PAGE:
Evictions and Housing Demolitions
Protested in Koreatown
The Koreatown Immigrant Workers Alliance (KIWA), with support of the Coalition for Economic Survival and other community allies, gathered on the steps of an apartment building on February 19, to protest the demolition and conversion of the building to a parking lot by Oriental Mission Church and to call for the preservation of affordable housing in Koreatown.
(Left to Right: CES Tenant Organizers Sua Iris Hernandez, Melissa Chinchilla & Felipa Soto listen as KIWA Executive Director Danny Park addresses the media.)
The Oriental Mission Church owns the buildings at 435 and 465 N. Oxford Avenue. Since last year, 35 families have been evicted from over 40 units of affordable housing by the church. The church is stating that it plans to demolish the apartment building to create a parking lot.
Only five remaining low-income, disabled and elderly residents remain in the two buildings. They have not moved because they have nowhere to go. The average income of the current residents is around $600 to $1600 per month. They are mostly elderly, on fixed income tenants.
Masako Mochizuki, has lived in her apartment for over 35 years. She said, "This has been my home and neighborhood since 1973 when I got the apartment as a honeymoon home. I stayed because I fell in love with the neighborhood. Besides I cannot afford to move anywhere now. At 73 years old, I don't know how I'd start over. The idea of new neighbors and learning to get around in a new neighborhood scares me."
KIWA is urging the church to reconsider its parking lot plans in favor of maintaining these affordable housing units, which are valuable to the entire community. KIWA Organizer Jang Woo Nam says, "Low-income residents like Masako, Mr Yi and Mrs. Bang have nowhere to go. The current economy makes it even harder. Our first responsibility must be to our neighbors and those in need in our own community."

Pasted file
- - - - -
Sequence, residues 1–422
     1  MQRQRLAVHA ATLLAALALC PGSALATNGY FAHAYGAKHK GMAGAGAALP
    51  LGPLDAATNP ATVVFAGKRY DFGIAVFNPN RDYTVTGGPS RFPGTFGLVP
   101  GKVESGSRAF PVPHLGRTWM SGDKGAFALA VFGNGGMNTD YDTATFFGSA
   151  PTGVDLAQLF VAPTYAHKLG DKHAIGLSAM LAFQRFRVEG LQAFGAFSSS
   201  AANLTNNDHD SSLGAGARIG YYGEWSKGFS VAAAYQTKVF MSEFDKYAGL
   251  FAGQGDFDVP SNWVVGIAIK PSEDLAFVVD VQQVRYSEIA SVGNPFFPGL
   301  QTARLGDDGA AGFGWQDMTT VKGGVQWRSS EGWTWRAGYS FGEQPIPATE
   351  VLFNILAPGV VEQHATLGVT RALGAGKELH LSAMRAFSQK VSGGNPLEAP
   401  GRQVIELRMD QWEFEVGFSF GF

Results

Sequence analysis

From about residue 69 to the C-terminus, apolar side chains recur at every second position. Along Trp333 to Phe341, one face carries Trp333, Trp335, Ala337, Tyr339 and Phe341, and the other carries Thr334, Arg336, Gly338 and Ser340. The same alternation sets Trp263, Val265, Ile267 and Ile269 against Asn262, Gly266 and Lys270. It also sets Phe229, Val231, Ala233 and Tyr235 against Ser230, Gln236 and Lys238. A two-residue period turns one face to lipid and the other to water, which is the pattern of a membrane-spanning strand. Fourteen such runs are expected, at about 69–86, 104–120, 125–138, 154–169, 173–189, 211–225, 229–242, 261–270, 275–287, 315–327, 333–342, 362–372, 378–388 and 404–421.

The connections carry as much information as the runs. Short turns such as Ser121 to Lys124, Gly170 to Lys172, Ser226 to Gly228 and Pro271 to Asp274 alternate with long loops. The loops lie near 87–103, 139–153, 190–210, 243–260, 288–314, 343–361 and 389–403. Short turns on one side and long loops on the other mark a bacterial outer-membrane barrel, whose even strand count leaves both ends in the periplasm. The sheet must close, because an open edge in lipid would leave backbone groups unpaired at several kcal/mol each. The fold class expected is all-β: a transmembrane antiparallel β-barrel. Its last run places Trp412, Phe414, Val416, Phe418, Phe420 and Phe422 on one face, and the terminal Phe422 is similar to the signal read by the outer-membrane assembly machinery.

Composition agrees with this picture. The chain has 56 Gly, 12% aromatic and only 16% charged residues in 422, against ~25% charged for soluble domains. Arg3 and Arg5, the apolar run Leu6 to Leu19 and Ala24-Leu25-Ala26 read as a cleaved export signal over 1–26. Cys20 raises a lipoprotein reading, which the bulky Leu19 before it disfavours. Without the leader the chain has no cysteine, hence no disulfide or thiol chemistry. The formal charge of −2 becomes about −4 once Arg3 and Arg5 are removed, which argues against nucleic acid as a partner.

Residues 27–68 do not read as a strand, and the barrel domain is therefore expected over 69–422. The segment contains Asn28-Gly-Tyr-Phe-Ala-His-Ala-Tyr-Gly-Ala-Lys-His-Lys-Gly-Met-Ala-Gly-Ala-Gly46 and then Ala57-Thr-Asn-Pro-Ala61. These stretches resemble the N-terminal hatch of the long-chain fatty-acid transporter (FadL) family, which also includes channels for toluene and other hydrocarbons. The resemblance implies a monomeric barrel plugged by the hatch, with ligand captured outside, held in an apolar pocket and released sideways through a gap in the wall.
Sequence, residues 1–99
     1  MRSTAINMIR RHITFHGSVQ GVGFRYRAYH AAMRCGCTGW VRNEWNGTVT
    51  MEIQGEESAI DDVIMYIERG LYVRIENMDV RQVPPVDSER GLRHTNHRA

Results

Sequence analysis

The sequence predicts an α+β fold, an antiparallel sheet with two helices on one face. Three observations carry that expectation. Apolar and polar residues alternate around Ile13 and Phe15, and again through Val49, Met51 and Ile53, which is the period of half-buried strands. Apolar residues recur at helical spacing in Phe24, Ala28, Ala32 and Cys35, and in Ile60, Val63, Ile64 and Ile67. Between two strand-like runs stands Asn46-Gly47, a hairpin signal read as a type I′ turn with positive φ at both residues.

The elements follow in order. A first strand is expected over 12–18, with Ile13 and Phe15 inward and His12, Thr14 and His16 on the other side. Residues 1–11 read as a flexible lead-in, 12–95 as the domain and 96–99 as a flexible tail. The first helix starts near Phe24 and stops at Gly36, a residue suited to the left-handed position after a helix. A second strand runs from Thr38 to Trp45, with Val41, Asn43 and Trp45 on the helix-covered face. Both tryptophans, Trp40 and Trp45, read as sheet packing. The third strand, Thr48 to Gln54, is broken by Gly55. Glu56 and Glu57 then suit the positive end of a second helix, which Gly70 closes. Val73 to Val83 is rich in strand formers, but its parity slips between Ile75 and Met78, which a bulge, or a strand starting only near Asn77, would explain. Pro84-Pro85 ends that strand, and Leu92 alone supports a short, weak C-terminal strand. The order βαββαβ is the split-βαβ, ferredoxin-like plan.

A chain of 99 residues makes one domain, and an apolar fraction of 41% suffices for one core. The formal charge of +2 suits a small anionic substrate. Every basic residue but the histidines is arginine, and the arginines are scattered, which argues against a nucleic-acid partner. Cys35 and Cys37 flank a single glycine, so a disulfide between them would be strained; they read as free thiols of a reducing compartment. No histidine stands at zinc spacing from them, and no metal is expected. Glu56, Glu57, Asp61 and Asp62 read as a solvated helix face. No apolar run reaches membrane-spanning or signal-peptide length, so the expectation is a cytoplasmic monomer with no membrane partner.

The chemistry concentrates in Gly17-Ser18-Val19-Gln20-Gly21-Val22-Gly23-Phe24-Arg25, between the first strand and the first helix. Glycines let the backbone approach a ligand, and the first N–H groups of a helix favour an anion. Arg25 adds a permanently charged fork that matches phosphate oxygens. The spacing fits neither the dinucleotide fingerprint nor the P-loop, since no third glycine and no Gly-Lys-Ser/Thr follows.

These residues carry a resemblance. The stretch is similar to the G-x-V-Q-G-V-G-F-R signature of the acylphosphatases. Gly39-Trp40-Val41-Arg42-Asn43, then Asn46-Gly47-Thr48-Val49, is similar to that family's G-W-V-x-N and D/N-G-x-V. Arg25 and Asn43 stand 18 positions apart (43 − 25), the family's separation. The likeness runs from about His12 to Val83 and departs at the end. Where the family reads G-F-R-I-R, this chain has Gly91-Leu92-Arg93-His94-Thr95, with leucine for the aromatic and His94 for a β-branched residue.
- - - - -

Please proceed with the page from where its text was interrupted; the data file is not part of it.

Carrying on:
Nam adds, "Development plans should first and foremost benefit and include current residents. As a community, we should come together to stop the displacement of our neighbors."
Attendees at the news conference wore roses as a symbol of history and perseverance. When Masako moved into her unit 35 years ago, she planted a rosebush, which has grown with her over the years and still survives. She says, "I've cared for this rosebush for so long. It would be sad to see it all paved over for a parking lot. It's not paradise but it is my home."
KIWA stated while the housing bubble resulted in new construction, 90% of these units have been for those earning at least $135,000 and are unaffordable for the majority of Koreatown's low and fixed income residents. In 2006, the Wilshire Center/Koreatown Community Redevelopment Agency, which is required to replace and affordable housing removed with an equal number of replacement dwellings, reported 187 units demolished at 55 different addresses in that area.
The Coalition for Economic Survival (CES) has been advocating for stronger restrictions on condo conversions and demolitions in the City of LA for years now. Close to 15,000 affordable rent controlled units have been destroyed since 2001 due to condo conversions and demolitions.
CES Executive Director Larry Gross stated, "The situation KIWA has brought to the public attention is an example of what has been going on throughout Los Angeles, There has been a lot of focus on the need to build new affordable housing, which we fully support. But, we will never simply build our way out of our affordable housing crisis. We must also have a real commitment to preserving our existing affordable housing stock, as well as building new affordable housing."